The Olympics is an opera that runs on one orchestrated symbol after another, and this Tokyo Olympics is a superabundant tragedy.
From the earliest edges of each person’s living memory, we can pull out moments where ‘our’ person won against all the odds, and for deep inchoate limbic reasons it means we collectively shone a little brighter, dreamed a little grander, affirm that we belonged to our country a little more than we did before seeing what we saw.
That’s still there, in the same way a dim star still pulses its flicker for us in the early morning sky.
For a tiny country such as ourselves, our gold medal successes are rare and feature in our collective being as a kind of national surprise that we are more capable and competent than we expected. The 1984 Olympics in Los Angeles, for example, in which Ian Ferguson and Paul McDonald won multiple golds between them, became an important bookend of a long social crisis and economic depression in New Zealand. From the stasis of Muldoonism into the chaos and change and social revolution of the Lange Government, the 1984 Olympics were by a long gumboot throw our most successful Olympics.
Each little specialisation gets us cheering for the weirdest stuff like we knew it all along as a cosmic inevitability of our collective greatness. Like the gold in the individual mixed horse eventing. I mean WTF. But it was a gold and the horse’s name was Charisma, so in your eye cynics.
People work their lives to the bone over years to achieve such a moment.
Some such moments can still ring through history as a little shining bell of idealism.
But it’s getting harder. Since 1984, the number of events held at the Summer Olympics has increased by 50%, the number of athletes and countries participating has nearly doubled, and the number of people needing to operate the games has tripled. The London Olympics, where more than 10,000 athletes competed, required a support staff of 350,000 people.
The London Olympics were also intentionally organised to develop East London, and it has as planned left a massive legacy of regeneration in its wake.
Because the Queen and James Bond are English confections of one fiction over another, the global public got to understand them as simply a core of Englishness when rolled down the red carpet simultaneously.
Who knows what triumph of the patriotic imagination will explode in Brisbane as it plans to revive itself in 2032.
The Olympics are events that accelerate not only athletes and teams, but also whole cities and countries together.
The Beijing Olympics will certainly be remembered as an expression of collective will, as massed calisthenics are intended …
Somewhere the whole thing has started to slide away, however, with not all hosts capable of generating this collective event also able to promote the core ideals of the Olympics of promoting world peace and basic human rights through sport. It would be difficult to make the argument that Vladimir Putin’s Russia was a good site to host the Winter Olympics in 2014 in Sochi. The 2022 winter games in Beijing and the Hebei Province will be held within the increasingly repressive regime of Xi Jinping. The alternative in that bidding was Kasakhstan, no shining torch of woke joy itself.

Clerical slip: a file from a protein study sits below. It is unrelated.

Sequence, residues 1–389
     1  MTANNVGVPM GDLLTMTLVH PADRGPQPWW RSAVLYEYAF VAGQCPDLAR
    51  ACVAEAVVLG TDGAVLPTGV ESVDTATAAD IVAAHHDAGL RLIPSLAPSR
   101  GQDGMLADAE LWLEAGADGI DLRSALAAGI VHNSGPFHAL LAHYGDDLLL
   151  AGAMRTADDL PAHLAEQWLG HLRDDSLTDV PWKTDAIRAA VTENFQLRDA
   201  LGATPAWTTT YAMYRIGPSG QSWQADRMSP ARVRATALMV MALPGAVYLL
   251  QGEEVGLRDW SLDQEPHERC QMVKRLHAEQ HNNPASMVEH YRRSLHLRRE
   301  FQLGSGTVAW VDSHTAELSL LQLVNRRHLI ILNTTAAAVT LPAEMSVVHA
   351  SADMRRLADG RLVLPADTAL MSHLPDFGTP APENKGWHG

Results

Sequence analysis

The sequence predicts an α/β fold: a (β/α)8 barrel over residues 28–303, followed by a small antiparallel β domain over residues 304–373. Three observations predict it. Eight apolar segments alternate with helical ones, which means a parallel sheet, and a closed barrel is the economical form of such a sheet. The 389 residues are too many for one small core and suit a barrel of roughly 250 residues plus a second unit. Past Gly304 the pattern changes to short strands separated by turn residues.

Perhaps, like the America’s Cup, the summer Olympics will finally eat itself like a kind of Akira moment …
and get supplanted by the stripped back version in Sail GP.
Perhaps each of the sports needs to just go on the road and be a permanent circuit like a jacked-up Diamond League. Forget the one-city-one-time approach.
But the Brisbane win is about as perfect a global signal of reward that Australia is one of the richest and most successful nations on earth and one of a handful who has managed the 2020-2021 pandemic very well. Some, like the Athens games, don’t age quite so well, shall we say.
But for this pandemic year of death and mayhem, for each participant nation these Tokyo Olympics are unlikely to be read as tragedy. Or farce. Or comedy.
They will remain their greatest moment.
Even if nation-states that held modern Olympics fall finally like ancient Ur …
and this current century is the apogee of human development after which thermodynamic decline really kicks in,
even if future archaeologists will try to figure out the use of Mark Todd’s top hat in New Zealand culture like it had a function in Gobekle Tepe …
the Olympics is the thing we get to project all kinds of human hope and common development upon like the greatest screen of our projected imagination we’ve ever invented. Which, if it hadn’t been invented already, it would need to be.